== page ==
Oldest preserved vertebrate brain found in 319-million-year-old fish fossil

Illustrative image: fish fossil. Photo: James St. John, Creative Commons Attribution 2.0

As scientists were studying a 319-million-year-old fossil, the only discovered specimen of its species, using noninvasive CT scanning, they were surprised to find that the structures of the brain were perfectly preserved, something extremely rare when it comes to soft tissue.

Coccocephalus wildi was a ray-finned fish, likely carnivorous, that lived over 300 million years ago. Only one specimen, and only the skull, was ever discovered, in a coal mine in England, about a century ago.

Since the skull is one of a kind, scientists who want to conduct research on it must use non-invasive methods, such as CT scanning.

Imagine the surprise of the scientists, who scanned the skull and found an unusual, distinct object they did not expect to find inside it, which displayed several features found in vertebrate brains: bilateral symmetry, hollow spaces similar in appearance to ventricles, and multiple filaments extending toward openings in the braincase, similar in appearance to cranial nerves.

Just like other soft tissues, brain and nerve tissue usually decay quickly and very rarely fossilize.

But in this case, the soft tissues of the fish’s brain and cranial nerves were replaced during the fossilization process with a dense mineral, preserving their three-dimensional structure in exquisite detail.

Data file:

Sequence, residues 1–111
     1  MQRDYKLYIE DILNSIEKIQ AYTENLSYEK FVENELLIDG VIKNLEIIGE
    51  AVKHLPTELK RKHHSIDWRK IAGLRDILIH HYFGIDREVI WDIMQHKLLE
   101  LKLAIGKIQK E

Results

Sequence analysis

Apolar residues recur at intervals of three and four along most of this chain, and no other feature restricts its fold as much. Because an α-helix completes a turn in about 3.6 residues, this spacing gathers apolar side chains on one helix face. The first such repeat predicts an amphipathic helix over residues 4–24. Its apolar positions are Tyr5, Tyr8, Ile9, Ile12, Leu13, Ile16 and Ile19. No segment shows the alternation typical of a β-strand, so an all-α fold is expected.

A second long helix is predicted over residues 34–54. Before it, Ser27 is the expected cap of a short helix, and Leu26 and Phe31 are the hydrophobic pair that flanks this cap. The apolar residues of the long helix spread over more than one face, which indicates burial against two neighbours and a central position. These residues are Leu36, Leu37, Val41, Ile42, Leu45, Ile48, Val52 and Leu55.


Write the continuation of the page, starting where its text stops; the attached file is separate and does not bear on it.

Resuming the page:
Researchers at the University of Birmingham and the University of Michigan who conducted the study, believe that the discovery opens a window into the neural anatomy and early evolution of ray-finned fishes, a major group of fishes alive today, and more importantly one that makes up about half of all vertebrate animals, a clade that includes all backboned creatures, from amphibians to mammals, including humans.

“This unexpected find of a three-dimensionally preserved vertebrate brain gives us a startling insight into the neural anatomy of ray-finned fish. It tells us a more complicated pattern of brain evolution than suggested by living species alone, allowing us to better define how and when present-day bony fishes evolved, said senior author Sam Giles of the University of Birmingham.

“An important conclusion is that these kinds of soft parts can be preserved, and they may be preserved in fossils that we’ve had for a long time — this is a fossil that’s been known for over 100 years,” senior author Matt Friedman, from the University of Michigan, commented.

Rodrigo Figueroa, also from the University of Michigan and the lead author of the article on the study said:

“Not only does this superficially unimpressive and small fossil show us the oldest example of a fossilized vertebrate brain, but it also shows that much of what we thought about brain evolution from living species alone will need reworking.”

To put a long story short, a fish biscuit well beyond its “best by” date may turn what we have so far known about the evolution of the nervous system on its head.